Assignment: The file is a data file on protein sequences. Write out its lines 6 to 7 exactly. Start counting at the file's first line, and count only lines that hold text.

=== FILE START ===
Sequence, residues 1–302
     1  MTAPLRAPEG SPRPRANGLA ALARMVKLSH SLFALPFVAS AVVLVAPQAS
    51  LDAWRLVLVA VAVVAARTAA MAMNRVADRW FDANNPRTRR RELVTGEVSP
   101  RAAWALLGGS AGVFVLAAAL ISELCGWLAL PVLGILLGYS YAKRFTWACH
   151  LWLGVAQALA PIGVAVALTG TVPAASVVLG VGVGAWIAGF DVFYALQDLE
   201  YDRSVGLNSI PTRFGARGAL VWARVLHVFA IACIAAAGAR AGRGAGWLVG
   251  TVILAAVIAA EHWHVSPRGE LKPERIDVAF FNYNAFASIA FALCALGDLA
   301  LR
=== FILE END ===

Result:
   201  YDRSVGLNSI PTRFGARGAL VWARVLHVFA IACIAAAGAR AGRGAGWLVG
   251  TVILAAVIAA EHWHVSPRGE LKPERIDVAF FNYNAFASIA FALCALGDLA